Second Eden Book Review
"Carlton Austin has crafted a wonderful piece of work in
Second Eden - an action-packed suspense thriller with a
little romance and some elements of science fiction. Its
beautifully designed cover incorporates gorgeous images
depicting scenes within the plot and the book is available in
both hard and soft cover. I recommend the hard cover, folks.
This book is sure to be one that you keep among your
favorite authors on your bookshelves. Second Eden is
destined for a talented director to take big screen fans on its
Best of friends, Peter (an intelligence agent) and Bo (an
astronaut), have a bond that even Peter's affair with Bo's
wife could not break. Bo and some other scientists perish in
a mysterious fire just after completing an assignment. The
government cover-up pushes Peter to find out what really
happened and he becomes torn between patriotism and
humanitarianism. He never loved a woman until he met
Molly - but can he trust her? In fact, he wonders if he can
trust anyone at all.
This is definitely an intelligent read; the author incorporates
incredible alien artifacts, mysteries, murders, government
espionage and complex cover-ups, cat and mouse chase
scenes, archeological finds and ancient societies, deceit
and a love story that transcends this life into the next.
Second Eden certainly has a plot that will make its readers
think deeply about our world. Carlton shows us the dangers
of where our science could lead. His story teaches that
there are repercussions for every single choice that we
make - both as individuals and as a society. He brings up
social issues, like reminding us of the importance of
recognizing the value of women who choose to be mothers
- as a career, rather than as a side project. He even
includes enlightening views of what might happen to a soul
when the body can no longer serve it.
I really cannot say enough about Carlton's novel. Truly, I
could barely put it down to go to work or prepare meals!
Second Eden will remain on my bookshelf for years to come
and will, no doubt, be read many times by my family."
ISBN#: 0595316530 - soft cover 0595663567 - hard cover
Publisher: iuniverse, Inc.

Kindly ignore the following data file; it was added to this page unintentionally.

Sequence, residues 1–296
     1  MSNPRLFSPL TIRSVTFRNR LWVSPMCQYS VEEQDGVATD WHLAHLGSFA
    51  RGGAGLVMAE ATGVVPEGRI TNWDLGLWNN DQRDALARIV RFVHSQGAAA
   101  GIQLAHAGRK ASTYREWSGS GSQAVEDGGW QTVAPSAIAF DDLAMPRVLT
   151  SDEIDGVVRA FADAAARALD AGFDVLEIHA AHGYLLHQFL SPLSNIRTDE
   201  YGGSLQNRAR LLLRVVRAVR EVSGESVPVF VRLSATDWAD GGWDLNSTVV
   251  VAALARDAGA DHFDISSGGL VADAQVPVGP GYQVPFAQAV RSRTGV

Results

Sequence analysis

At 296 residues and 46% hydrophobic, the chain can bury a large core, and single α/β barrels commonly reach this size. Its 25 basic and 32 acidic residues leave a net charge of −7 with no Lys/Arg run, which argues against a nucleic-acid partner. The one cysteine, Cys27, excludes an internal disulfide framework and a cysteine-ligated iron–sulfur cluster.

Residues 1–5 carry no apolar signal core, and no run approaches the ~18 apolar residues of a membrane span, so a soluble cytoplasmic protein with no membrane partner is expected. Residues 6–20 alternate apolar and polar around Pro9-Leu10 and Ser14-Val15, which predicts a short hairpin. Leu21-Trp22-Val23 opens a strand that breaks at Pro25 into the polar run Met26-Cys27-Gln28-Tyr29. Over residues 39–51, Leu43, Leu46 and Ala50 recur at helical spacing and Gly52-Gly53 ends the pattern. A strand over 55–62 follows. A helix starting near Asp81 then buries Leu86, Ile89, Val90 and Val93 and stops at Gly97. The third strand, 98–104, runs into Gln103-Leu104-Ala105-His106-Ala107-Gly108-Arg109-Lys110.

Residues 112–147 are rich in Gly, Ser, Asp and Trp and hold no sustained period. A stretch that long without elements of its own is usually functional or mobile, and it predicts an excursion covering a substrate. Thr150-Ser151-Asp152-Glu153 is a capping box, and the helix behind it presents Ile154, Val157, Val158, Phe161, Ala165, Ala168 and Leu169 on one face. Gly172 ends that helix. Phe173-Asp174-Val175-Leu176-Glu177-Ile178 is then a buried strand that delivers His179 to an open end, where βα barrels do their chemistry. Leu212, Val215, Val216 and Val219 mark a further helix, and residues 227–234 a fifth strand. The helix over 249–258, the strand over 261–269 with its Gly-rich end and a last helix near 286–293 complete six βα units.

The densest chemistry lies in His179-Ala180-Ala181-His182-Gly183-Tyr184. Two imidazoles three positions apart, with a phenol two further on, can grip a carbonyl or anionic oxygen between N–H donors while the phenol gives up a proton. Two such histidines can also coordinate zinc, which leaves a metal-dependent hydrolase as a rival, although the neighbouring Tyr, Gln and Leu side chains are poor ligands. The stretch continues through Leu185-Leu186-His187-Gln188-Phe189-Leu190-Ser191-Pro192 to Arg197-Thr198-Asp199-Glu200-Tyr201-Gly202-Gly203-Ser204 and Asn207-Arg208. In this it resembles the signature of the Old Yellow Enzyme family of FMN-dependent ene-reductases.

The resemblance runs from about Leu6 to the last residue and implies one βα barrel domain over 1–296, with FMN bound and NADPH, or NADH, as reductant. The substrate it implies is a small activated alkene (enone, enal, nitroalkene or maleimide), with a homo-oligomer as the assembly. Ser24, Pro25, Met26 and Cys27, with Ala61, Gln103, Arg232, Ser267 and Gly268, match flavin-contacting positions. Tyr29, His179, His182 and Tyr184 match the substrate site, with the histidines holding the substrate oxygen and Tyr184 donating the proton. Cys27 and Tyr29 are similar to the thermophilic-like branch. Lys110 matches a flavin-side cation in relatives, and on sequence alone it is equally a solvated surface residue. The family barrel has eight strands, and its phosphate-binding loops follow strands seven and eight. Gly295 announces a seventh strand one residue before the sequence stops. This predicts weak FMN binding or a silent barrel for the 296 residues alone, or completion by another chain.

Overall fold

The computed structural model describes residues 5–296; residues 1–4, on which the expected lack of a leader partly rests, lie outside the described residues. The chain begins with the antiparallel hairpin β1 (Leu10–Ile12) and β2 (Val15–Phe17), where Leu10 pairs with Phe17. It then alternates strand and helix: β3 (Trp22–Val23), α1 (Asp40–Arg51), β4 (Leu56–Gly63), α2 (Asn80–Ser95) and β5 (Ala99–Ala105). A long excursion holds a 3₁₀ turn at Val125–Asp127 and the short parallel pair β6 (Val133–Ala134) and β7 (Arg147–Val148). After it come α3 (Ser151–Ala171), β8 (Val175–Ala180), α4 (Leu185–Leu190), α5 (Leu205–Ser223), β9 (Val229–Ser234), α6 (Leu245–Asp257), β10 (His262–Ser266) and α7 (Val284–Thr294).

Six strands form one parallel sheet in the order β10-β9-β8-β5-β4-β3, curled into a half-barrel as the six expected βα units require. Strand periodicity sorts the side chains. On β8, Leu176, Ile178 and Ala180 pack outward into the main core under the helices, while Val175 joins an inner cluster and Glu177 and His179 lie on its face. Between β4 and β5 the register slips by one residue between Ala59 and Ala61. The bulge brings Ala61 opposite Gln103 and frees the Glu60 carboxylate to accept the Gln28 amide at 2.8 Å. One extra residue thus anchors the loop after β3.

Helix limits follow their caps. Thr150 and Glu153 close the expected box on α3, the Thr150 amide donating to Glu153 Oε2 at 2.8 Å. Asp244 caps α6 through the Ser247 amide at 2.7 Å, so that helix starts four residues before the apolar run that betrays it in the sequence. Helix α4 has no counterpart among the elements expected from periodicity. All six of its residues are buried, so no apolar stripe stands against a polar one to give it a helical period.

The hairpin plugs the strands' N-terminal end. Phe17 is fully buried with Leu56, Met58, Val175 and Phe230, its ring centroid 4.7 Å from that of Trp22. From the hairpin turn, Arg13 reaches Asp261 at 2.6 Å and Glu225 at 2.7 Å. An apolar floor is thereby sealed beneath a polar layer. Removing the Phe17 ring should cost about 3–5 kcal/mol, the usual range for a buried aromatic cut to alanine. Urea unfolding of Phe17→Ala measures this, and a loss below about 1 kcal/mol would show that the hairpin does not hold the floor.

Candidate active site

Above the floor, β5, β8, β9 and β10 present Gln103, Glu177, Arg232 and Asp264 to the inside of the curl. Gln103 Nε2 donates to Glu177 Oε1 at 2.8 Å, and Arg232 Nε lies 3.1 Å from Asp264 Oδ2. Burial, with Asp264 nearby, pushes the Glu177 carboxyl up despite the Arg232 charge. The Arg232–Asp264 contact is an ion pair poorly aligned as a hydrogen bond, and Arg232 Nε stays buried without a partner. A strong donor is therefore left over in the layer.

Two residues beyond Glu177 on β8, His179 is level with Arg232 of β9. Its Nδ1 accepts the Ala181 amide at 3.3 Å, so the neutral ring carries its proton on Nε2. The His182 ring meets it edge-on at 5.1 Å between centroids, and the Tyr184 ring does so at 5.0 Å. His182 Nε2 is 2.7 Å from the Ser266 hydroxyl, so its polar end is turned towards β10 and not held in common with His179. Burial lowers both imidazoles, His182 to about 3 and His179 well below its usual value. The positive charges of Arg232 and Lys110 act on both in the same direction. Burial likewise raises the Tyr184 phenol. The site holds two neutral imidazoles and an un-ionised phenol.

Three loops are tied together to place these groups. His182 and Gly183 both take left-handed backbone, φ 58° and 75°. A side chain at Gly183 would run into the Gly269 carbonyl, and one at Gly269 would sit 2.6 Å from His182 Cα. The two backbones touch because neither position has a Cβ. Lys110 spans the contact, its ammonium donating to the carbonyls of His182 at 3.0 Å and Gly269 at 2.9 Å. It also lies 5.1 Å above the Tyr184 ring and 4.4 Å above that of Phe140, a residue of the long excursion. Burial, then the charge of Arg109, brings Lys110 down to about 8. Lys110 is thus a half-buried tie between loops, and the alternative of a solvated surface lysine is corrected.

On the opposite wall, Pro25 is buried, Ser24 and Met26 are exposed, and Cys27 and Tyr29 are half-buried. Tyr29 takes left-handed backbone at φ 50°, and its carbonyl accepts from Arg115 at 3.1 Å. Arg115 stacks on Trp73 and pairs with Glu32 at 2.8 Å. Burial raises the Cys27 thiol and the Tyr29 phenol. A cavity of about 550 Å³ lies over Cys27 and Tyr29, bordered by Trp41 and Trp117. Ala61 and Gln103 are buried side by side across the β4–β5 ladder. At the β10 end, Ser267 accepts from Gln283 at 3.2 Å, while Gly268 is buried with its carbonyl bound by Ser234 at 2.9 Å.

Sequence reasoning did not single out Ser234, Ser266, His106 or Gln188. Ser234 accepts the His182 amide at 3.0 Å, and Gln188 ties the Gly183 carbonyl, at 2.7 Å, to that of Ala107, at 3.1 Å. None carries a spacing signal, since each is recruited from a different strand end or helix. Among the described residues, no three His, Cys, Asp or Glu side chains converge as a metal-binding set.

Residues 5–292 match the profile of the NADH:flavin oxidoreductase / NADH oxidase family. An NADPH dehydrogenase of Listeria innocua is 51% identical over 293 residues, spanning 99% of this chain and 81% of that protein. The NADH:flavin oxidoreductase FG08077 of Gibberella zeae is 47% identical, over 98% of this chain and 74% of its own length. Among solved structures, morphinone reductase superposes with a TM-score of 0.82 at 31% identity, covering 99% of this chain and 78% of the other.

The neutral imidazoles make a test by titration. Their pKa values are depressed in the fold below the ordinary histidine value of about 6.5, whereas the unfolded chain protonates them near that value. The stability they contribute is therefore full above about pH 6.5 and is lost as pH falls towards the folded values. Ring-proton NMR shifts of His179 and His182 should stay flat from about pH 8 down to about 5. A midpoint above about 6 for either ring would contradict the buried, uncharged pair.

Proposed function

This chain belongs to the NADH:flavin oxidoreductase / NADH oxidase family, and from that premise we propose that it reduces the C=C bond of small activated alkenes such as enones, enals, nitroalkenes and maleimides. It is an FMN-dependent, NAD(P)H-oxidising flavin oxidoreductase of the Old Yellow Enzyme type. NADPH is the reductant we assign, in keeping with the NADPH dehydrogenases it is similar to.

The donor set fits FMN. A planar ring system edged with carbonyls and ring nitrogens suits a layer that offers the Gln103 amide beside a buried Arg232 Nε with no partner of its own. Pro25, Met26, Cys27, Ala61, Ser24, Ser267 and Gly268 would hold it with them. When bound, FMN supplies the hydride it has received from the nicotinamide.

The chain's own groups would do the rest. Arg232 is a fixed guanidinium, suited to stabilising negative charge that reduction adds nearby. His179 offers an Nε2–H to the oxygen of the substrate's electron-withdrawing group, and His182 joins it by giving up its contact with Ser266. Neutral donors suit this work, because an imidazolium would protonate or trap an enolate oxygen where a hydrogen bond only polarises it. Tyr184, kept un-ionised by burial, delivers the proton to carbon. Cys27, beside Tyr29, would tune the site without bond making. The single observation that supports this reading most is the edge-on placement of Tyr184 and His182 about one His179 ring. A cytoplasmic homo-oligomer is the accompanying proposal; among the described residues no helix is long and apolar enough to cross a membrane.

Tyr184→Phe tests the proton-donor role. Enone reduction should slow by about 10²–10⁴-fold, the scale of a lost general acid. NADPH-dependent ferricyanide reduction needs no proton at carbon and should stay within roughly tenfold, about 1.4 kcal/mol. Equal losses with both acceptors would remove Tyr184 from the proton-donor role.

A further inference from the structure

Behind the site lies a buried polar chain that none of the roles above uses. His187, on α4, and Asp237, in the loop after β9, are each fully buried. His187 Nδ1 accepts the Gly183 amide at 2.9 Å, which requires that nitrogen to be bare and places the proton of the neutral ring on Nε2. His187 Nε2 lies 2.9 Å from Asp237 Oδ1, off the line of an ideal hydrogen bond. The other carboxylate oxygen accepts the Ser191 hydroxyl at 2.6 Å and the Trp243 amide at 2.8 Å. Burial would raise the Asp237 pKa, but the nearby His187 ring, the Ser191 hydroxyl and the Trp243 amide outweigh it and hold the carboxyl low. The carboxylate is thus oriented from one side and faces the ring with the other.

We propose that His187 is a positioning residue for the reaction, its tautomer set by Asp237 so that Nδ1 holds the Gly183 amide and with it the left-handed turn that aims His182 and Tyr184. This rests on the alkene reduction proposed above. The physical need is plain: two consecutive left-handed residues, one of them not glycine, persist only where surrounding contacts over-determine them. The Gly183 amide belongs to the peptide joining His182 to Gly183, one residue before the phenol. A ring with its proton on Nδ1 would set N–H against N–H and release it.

Author: Carlton Austin
~ Lillian Brummet - Book Reviewer - Co-author of the book Trash Talk, a guide for anyone concerned about his or her impact on the environment Author of Towards Understanding, a collection of poetry.
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Anuk Arudpragasam has won the prestigious ?DSC Prize for South Asian Literature 2017 for his novel, "?The Story of a Brief Marriage", published by Granta in the UK, and by Flatiron in the USA
Arudpragasam was awarded the $25,000 (£18,830) prize along with a unique trophy by Hon'ble Abul Maal Abdul Muhith, minister of finance of Bangladesh ?at the Dhaka Literature Festival in Bangladesh.
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The winners are:
Fiction: Jesmyn Ward, Sing, Unburied, Sing
Nonfiction: Masha Gessen, The Future Is History: How Totalitarianism Reclaimed Russia
Poetry: Frank Bidart, Half-light: Collected Poems 1965-2016
Young People's Literature: Robin Benway, Far from the Tree
Annie Proulx received the Medal for Distinguished Contribution to American Letters.
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The Observer newspaper continues its 2+ year project to review what it deems to be the top 100 nonfiction books of all time. The series began in February 2016 with their No. 1 pick, Elizabeth Kolbert's The Sixth Extinction and is on track to complete by the turn of the year. The most recent review is for The Diary of Samuel Pepys coming in at No. 92.
The Observer is the sister newspaper to the better known British newspaper, The Guardian. The Observer publishes on Sundays, The Guardian publishes on all other days of the week. Both newspapers combine their content into theguardian.com website.
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The playwright Tom Stoppard has won the David Cohen prize for a lifetime's achievement in literature, hailed as a "giant of 20th-century British drama" with an "outstanding and enduring body of unfailingly creative, innovative and brilliant work."
Howard Jacobson in the Guardian asks how many of us still read a book in bed?